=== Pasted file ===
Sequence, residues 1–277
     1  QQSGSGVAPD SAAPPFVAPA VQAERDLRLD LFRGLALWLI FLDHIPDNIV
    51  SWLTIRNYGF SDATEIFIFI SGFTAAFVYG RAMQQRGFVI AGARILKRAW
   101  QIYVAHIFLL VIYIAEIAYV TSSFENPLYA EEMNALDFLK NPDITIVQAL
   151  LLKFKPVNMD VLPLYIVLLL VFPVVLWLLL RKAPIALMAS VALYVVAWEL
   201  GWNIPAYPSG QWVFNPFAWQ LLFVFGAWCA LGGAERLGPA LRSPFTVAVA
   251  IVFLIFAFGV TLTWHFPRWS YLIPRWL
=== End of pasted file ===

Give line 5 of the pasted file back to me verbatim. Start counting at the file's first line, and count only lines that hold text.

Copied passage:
   151  LLKFKPVNMD VLPLYIVLLL VFPVVLWLLL RKAPIALMAS VALYVVAWEL